[Tidbits] The Wheelbarrow Men of the Gold Rush Days

The Wheelbarrow Men of the Gold Rush Days

The Gold Rush created many great fortunes. Aside from its use in
jewelry…gold from those days created the very impetus which
led to the establishment of many American great fortunes. There
was no end to the way enterprising men…and women…some
honest…some not so honest…made money. There were the ladies
of the day…who sold their favors to men tired from their
labors. There were bunco artists…who salted fresh digging with
sprinklings of gold dust in order to finalize their sales. And
there was the high cost of living created by vendors in the
Sierras…who sold sacks of flour for $100.00 a pop. Shovels
and pans…same price. Cats…ten bucks a head and the supply
could not keep up with the demand in the rat plagued towns where
the prospectors came to try their luck.

Among the now famous names like Levi Strauss–I wrote about him
in a past article–and Armour–the butcher–whose empires were
launched in the towns of the gold rush days…there was
another…a young man known for making wheelbarrows. He was one
of five brothers…and I suspect there is barely a person alive
today who does not know his name. I’ll tell you a bit about him
and his family. You see if you can figure out who he is before
the end of this Tidbits.

Aside from wheelbarrows…the brothers five…starting off as
blacksmiths…also made wagons. One of them…Clement by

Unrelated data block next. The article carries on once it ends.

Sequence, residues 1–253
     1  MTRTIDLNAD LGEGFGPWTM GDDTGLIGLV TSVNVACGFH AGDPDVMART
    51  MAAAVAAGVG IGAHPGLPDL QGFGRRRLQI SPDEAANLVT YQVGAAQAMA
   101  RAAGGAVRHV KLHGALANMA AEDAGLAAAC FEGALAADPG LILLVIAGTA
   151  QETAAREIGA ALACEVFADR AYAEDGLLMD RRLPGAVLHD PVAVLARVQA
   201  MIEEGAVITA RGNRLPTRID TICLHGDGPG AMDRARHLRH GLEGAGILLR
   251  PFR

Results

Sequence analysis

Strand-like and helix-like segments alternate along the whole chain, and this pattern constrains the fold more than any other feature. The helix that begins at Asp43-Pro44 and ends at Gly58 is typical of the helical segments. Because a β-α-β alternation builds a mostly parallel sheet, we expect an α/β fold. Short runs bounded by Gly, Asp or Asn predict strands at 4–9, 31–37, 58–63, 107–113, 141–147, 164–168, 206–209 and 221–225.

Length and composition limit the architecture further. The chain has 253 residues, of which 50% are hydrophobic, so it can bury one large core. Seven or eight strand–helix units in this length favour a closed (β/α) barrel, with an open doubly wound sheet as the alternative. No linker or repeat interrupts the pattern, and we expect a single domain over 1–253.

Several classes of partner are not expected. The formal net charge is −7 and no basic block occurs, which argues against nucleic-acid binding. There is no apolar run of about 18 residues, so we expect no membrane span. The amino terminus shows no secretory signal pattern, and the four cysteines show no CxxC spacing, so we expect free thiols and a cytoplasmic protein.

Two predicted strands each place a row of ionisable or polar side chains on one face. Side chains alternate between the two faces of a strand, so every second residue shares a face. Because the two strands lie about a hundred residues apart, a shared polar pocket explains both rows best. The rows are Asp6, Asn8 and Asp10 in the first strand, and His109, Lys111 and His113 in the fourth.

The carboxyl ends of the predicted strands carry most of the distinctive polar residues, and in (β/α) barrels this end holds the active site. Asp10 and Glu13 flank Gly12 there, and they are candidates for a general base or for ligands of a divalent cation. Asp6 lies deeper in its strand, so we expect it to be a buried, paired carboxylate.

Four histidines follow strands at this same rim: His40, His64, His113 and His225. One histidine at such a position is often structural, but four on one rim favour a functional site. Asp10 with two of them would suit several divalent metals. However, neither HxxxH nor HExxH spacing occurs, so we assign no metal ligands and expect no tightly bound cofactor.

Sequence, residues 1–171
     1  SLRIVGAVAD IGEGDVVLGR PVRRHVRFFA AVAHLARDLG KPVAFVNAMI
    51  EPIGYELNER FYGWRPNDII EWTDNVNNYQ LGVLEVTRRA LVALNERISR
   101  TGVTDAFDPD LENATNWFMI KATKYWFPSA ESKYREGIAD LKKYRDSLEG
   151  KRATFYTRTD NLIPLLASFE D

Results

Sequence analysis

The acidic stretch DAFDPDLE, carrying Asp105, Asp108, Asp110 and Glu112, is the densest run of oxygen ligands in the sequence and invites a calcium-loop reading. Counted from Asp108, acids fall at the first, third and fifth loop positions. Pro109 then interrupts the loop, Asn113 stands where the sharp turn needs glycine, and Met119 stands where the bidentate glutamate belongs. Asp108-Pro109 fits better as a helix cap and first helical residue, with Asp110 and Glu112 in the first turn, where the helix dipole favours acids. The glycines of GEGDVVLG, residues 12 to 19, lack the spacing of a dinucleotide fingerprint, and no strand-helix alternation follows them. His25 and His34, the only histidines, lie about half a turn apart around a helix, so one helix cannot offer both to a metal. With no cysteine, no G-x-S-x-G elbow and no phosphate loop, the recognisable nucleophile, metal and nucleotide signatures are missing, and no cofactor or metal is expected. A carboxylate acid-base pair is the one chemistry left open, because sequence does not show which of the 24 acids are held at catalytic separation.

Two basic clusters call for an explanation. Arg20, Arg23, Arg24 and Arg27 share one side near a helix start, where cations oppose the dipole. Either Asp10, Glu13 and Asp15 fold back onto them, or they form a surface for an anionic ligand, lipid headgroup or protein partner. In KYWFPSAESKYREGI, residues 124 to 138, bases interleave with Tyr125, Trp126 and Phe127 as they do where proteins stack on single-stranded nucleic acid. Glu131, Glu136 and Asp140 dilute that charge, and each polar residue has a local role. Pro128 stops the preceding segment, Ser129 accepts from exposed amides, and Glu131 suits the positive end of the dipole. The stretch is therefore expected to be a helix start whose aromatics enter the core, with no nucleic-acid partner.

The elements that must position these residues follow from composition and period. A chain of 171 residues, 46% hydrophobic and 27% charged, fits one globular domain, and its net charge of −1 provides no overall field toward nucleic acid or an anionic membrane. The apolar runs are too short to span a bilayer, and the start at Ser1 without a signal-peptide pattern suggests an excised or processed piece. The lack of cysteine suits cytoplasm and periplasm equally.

name…was–for a while–a school teacher in South Bend,
Indiana. The brothers opened an office in St. Joseph, Mo. in
order to outfit settlers moving west. They were successful on
their own in any man’s language. But the days of the gold rush
were instrumental in the financing of their empires. I would
venture to say there was not a prospector alive who was not in
need of a wheelbarrow…whether to carry off the debris he
shoveled or the gold he found.

Our wheelbarrow men went on to get government contracts for their
wagons…and when the wagons they produced–a total of 750,000
units–went by the way of the horse and buggy as the automobile
forged a path to the forefront of American business…our
wheelbarrow makers…whose fortunes had been
established…indirectly and partially because of gold… tried
their hand at manufacturing automobiles too. Their names
were–have you guessed it yet folks…their names
were…Studebaker…giants in their time…and–I believe–still
today leaders and innovators of what I think was and is one of
the prettiest sports cars around: The Avanti.

And there ya have it.
That’s it for this week folks.
Catch you all next week.
Benjamin Mark